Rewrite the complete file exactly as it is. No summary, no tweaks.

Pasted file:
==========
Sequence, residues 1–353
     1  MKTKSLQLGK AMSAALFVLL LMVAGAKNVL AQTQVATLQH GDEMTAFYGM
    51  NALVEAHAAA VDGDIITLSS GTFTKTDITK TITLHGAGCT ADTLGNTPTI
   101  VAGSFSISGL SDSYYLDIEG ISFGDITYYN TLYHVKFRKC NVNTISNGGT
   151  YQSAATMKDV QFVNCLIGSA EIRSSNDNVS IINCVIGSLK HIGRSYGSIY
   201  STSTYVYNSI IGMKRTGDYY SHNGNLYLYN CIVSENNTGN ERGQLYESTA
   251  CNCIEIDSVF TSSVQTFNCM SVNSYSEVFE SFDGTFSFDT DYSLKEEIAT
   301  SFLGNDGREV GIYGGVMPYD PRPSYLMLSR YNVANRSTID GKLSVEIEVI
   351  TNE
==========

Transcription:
Sequence, residues 1–353
     1  MKTKSLQLGK AMSAALFVLL LMVAGAKNVL AQTQVATLQH GDEMTAFYGM
    51  NALVEAHAAA VDGDIITLSS GTFTKTDITK TITLHGAGCT ADTLGNTPTI
   101  VAGSFSISGL SDSYYLDIEG ISFGDITYYN TLYHVKFRKC NVNTISNGGT
   151  YQSAATMKDV QFVNCLIGSA EIRSSNDNVS IINCVIGSLK HIGRSYGSIY
   201  STSTYVYNSI IGMKRTGDYY SHNGNLYLYN CIVSENNTGN ERGQLYESTA
   251  CNCIEIDSVF TSSVQTFNCM SVNSYSEVFE SFDGTFSFDT DYSLKEEIAT
   301  SFLGNDGREV GIYGGVMPYD PRPSYLMLSR YNVANRSTID GKLSVEIEVI
   351  TNE